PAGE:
He identifies three design thinking tools for leadership:

  • Journey mapping
  • Visualization
  • Co-creation

Journey mapping, also known as empathy, is a way to walk in your customer’s shoes, to see the world from their perspective, and is the most fundamental way in which the design process differs from an analytic process. Rather than breaking things down and tweaking the trouble spot, design thinking seeks to build up something new while framing it in a holistic context.

Once you’ve mapped the customer’s journey, leaders become problem-solvers, immediately seeing new possibilities. The problem is: Will the customer see them the same way?

To help solve this, leaders can implement Visualization, also known as ideation — the process of forming and testing ideas in planning, ad-hoc, and research and development activities. Essentially, it’s a tool to create clarity and transparency for collaborative work. This can be done through various methods – gamestorming especially, provides numerous possibilities.

That being said, visualizing a new result is only part of the process. Co-creation, also known as prototyping, is a tool that lets the market tell companies which solution works best. This is the results driven aspect which shows the progress that’s been made. Co-creation is used to engage customers directly in “playing with the future” so we can discover what will truly meet their unarticulated needs.

No mater what the business is, using these design thinking distinctions, leaders can meet the needs of their customers and provide a better product or service before a problem or unmet need becomes common. Leaders who design the growth of their organizations and innovate in such a way will keep themselves on the leading edge of thought. And in the long run, the effort it takes to do research and development using design thinking will in turn save you time and resources.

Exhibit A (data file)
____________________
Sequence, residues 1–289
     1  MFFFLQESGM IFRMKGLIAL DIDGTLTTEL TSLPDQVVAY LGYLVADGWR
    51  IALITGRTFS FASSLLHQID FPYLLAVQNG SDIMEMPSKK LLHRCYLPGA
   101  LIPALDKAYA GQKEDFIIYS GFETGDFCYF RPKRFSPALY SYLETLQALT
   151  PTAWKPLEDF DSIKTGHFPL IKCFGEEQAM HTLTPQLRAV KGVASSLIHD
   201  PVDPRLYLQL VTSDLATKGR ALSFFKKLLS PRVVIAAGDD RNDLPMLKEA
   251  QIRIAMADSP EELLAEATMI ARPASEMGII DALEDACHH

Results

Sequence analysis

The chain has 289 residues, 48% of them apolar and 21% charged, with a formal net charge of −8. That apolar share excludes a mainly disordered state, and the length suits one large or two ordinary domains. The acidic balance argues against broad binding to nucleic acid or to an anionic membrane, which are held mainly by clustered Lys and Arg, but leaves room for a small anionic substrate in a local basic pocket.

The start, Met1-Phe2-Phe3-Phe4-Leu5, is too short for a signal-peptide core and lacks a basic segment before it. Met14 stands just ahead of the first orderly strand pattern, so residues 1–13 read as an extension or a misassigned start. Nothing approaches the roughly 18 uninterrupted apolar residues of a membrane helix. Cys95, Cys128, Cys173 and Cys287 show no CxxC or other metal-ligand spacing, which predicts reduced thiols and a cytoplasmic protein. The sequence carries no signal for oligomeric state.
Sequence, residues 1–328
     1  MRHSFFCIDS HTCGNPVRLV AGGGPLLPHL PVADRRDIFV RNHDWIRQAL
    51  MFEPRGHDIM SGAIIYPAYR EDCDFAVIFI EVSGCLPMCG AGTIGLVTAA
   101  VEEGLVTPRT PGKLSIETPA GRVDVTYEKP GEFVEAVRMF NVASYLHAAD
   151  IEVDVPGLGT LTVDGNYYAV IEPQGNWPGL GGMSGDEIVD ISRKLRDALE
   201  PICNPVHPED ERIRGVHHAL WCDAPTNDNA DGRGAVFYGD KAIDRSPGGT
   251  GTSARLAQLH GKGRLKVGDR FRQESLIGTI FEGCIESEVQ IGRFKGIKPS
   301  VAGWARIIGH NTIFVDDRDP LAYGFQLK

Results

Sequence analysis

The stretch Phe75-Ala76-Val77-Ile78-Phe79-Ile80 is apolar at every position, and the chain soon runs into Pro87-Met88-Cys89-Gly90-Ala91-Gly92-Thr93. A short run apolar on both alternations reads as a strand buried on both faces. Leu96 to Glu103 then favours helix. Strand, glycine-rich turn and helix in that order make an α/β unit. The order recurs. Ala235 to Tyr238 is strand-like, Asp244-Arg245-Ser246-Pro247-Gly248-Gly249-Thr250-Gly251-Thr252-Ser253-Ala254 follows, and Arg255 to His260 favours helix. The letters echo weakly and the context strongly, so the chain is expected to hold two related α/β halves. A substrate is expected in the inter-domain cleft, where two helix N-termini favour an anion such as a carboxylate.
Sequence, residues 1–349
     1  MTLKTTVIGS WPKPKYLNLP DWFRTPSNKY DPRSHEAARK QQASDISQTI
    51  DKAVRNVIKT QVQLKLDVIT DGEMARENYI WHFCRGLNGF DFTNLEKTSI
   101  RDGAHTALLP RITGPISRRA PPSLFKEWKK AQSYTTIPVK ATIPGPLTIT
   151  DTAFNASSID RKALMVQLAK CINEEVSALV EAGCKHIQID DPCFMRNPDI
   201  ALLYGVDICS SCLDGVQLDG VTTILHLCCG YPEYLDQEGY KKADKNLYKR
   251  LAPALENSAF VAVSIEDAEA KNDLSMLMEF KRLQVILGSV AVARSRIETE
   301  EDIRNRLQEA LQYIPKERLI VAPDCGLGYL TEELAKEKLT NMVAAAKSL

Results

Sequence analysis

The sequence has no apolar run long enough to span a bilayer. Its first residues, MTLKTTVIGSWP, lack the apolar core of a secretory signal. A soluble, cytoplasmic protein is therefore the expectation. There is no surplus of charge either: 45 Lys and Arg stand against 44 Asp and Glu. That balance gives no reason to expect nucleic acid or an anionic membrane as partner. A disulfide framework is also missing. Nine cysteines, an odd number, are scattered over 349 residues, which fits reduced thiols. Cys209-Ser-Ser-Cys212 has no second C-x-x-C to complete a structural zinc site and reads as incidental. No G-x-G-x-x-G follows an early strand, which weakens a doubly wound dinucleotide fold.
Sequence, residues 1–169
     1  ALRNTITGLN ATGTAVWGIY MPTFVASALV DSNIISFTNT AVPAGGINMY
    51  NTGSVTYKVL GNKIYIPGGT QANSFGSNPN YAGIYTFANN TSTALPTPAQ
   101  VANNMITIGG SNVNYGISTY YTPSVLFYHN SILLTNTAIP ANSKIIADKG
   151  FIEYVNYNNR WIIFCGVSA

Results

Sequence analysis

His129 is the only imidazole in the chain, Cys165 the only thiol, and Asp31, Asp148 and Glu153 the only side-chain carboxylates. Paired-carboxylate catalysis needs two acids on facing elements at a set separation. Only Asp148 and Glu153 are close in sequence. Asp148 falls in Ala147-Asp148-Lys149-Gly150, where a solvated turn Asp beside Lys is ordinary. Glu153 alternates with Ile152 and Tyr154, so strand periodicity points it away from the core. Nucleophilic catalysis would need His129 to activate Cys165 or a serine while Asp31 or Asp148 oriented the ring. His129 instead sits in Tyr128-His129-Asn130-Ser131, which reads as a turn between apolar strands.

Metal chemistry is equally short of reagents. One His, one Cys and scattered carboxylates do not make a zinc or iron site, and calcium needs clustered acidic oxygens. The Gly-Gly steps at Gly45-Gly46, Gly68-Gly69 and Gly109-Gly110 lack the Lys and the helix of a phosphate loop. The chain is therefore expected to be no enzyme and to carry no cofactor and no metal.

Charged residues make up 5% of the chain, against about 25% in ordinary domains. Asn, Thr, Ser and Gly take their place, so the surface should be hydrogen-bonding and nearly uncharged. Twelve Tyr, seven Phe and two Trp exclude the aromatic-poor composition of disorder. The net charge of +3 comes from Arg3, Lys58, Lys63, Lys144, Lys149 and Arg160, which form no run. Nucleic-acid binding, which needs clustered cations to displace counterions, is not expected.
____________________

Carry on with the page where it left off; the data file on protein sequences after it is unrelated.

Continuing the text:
So, what are you waiting for?

We welcome your thoughts in the comments section below.

*Tim Ogilvie is CEO of innovation-strategy consultancy Peer Insight and co-author with Jeanne Liedtka of “Designing for Growth: A Design Thinking Tool Kit for Managers.”  We are very excited to welcome co-author Jeanne Liedtka to join Mariposa CEO Sue Bethanis on this month’s Wise Talk, Thursday, November 29 from 12-1pm PT where they plan to discuss the ability to turn abstract ideas into practical applications for optimal business growth. For more info and to sign up, please visit our website.

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July 20, 2012 / Design Thinking / Creativity / Innovation / HR / Talent Management / News

The Breakthrough! Model Explained

breakthrough model

What wicked problem do you want to solve?  An operational efficiency? A new iteration of an old product?  A totally different offering that will hit home with your customers? How about a new revenues stream? These sometimes intractable problems need a breakthrough approach to be solved. Breakthrough! is a model and program designed by Mariposa Leadership’s own CEO, Sue Bethanis, to incorporate the latest most cutting-edge thinking.

Breakthrough! is a fresh model for fostering creativity, empathy, brainstorming, and problem solving in a corporate environment. The Breakthrough! model provides a specific method which can help leaders address customer needs and issues in a more efficient and creative way. Leaders will not only understand the customer more deeply, but will also have an arsenal of tools to use by which to expand upon that newfound understanding.